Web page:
This article is reprinted by permission from NerdWallet.
This has been an unusual year for currencies, period. Rising inflation has sent all sorts of costs skyrocketing (including travel prices). Meanwhile, the euro
and British pound
are falling in value relative to the U.S. dollar, making a European vacation somewhat … affordable?
With all of these fluctuating prices, how are the currencies of airline and hotel loyalty programs, better known as points and miles, being affected?
To get to the bottom of that question, NerdWallet turned to the data. The results of our annual analysis of the value of airline miles and hotel points is finally here, and it has some interesting stories to tell.
To get our estimates, we collect real-world data on thousands of flights and hotel stays and compare cash prices and award prices to determine the baseline value of each loyalty program’s points.
Here’s how the value of miles and points compares to last year — and what changes you should make to your travel rewards strategy as a result.
See: 1 in 3 people say they overspent on travel to earn a credit cards sign-up bonus
Most airline miles are worth more
The good news is that almost all points and miles are worth more now than they were last year, possibly due in part to inflation, which has driven up the cash prices of flights and hotel nights.
Airline miles are now worth an additional 0.1 cent-0.3 cents in value across the board. For example, United Airlines
MileagePlus miles were worth about 1 cent each in our last analysis, so 50,000 miles should have been able to get you a free flight worth about $500. If you didn’t use those miles last year, those same 50,000 miles are now worth 1.2 cents each. That means you can likely redeem them for a flight worth about $600 today.
Keep in mind though, inflation has driven travel prices much higher. According to the latest set of Consumer Price Index data, airfare prices are up 33% year-over-year in August. Meanwhile, the valuations of airline miles are up only 8.7% on average from last year. So even though your miles are valued higher, you might still have to shell out more miles for a flight than you would have last year because the flight itself is likely more expensive.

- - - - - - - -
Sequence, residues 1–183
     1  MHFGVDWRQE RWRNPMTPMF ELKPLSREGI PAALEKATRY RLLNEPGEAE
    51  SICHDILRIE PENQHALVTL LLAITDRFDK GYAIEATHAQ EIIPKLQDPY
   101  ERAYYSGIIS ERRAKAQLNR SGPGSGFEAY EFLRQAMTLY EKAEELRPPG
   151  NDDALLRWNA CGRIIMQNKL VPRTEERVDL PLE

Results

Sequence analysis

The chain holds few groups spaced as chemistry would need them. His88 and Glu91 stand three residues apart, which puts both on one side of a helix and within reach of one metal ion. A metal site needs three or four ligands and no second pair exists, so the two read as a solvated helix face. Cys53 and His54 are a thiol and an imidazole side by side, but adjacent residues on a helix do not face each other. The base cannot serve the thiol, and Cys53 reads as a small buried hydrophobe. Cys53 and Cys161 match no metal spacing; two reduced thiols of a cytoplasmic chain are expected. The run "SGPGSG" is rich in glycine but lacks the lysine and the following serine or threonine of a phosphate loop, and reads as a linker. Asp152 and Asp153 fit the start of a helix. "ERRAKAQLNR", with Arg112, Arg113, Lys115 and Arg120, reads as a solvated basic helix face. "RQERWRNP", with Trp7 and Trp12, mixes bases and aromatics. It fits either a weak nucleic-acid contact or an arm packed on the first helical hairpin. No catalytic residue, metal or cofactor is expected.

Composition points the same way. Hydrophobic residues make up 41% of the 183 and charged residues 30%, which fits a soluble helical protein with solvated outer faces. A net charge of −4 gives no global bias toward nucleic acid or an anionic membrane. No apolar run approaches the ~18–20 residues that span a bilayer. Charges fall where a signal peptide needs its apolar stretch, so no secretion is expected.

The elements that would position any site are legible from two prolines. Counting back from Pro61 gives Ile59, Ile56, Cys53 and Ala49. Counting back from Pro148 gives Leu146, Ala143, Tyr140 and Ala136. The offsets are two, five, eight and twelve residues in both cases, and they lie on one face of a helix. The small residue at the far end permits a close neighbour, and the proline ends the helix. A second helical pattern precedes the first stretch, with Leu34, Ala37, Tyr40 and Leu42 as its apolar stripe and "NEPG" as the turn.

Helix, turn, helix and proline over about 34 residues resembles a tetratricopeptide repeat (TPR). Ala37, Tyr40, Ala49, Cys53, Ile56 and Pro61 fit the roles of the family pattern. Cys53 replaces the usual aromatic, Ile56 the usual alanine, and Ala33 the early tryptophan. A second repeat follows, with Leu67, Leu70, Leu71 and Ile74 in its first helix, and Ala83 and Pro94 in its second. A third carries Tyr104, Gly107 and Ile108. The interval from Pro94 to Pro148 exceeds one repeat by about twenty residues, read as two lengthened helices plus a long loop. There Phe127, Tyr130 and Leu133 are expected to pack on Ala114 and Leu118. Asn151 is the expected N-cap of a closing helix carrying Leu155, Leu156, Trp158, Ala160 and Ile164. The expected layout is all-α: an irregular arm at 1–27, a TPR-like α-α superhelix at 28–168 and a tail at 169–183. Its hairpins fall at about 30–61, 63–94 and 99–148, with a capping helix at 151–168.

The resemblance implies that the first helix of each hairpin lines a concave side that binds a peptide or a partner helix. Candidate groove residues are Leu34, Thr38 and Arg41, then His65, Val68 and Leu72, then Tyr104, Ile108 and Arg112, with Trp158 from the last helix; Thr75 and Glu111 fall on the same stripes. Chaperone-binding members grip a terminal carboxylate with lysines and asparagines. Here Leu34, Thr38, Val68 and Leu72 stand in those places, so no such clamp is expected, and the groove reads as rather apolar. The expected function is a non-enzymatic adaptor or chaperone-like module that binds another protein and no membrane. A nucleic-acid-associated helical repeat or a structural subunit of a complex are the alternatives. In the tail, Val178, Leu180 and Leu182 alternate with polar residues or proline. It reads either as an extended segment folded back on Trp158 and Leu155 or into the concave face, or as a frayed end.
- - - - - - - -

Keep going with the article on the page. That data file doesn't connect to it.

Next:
Also read: Four travel card perks that might not be worth it anymore
Hotel points-wise, one brand stands out
Hotel points saw a similar increase to airlines exacerbated by inflation. But there is one huge jump that stands out: World of Hyatt
Hyatt has long been a favorite of travelers because of its high value redemptions, and it has consistently had higher valuations than other hotel loyalty programs. Its fixed award chart has further cemented its value in this high-inflation year.
This year, Hyatt’s valuation jumped almost an entire cent, from 1.9 cents per point in 2021 to 2.8 cents per point now. That means its points are four times as valuable as competitors’ like Marriott Bonvoy
( 0.7 cent), Hilton
Honors (0.6 cent) and IHG
One Rewards. (0.7 cent).
This discrepancy is likely due to Hyatt being the only hotel loyalty program with the aforementioned fixed award chart. The award chart specifies a limit for the highest number of points a night can cost at a certain property, even if the cash rate may go much higher. That’s where you’ll find Hyatt sweet spots.
Read: ‘Forget about chasing rewards and seek the lowest interest rate possible’: Credit-card rates near peak not seen since 1996
How you might change your points and miles strategy
Based on our findings, there are a few key takeaways to remember as you book travel into 2023.
Consider flying airlines besides Southwest Airlines and JetBlue Airways. Last year, JetBlue
had the highest-value airline miles, around 1.5 and 1.4 cents respectively. Now, American Airlines
Delta Air Lines
JetBlue and Southwest miles are all worth the same — around 1.5 cents. If loyalty with American or Delta is more convenient for you, start collecting their miles knowing that you’ll get about the same return.
Target high-value transfer partners. If you have a travel credit card that earns transferable points, you might spend less points by transferring to a high-value partner like Hyatt instead of booking a Hyatt hotel through the credit card’s travel portal.
Don’t miss: Three common travel disasters and what to do about them
Calculate the value of your redemption before you book. NerdWallet’s valuations are a baseline value, meaning you should aim to get that value when you cash in your points for a free flight or hotel stay. But not all redemptions are created equal. Make sure you divide the equivalent cash price of the flight or hotel by the number of points they want to charge you. If that number is lower than NerdWallet’s valuations, you might want to save your points for a better redemption. You can use an airline miles calculator to simplify your calculations.
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Meghan Coyle writes for NerdWallet. Email: firstname.lastname@example.org. Twitter: @inkwaves.